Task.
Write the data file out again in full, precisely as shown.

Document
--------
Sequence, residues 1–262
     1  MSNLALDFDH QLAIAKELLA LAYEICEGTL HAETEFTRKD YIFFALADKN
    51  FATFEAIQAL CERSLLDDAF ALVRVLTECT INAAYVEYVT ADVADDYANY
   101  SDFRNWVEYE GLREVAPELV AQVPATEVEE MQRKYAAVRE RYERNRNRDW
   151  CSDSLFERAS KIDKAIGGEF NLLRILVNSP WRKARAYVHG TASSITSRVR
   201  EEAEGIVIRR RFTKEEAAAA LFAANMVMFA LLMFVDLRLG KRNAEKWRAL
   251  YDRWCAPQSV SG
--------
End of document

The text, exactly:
Sequence, residues 1–262
     1  MSNLALDFDH QLAIAKELLA LAYEICEGTL HAETEFTRKD YIFFALADKN
    51  FATFEAIQAL CERSLLDDAF ALVRVLTECT INAAYVEYVT ADVADDYANY
   101  SDFRNWVEYE GLREVAPELV AQVPATEVEE MQRKYAAVRE RYERNRNRDW
   151  CSDSLFERAS KIDKAIGGEF NLLRILVNSP WRKARAYVHG TASSITSRVR
   201  EEAEGIVIRR RFTKEEAAAA LFAANMVMFA LLMFVDLRLG KRNAEKWRAL
   251  YDRWCAPQSV SG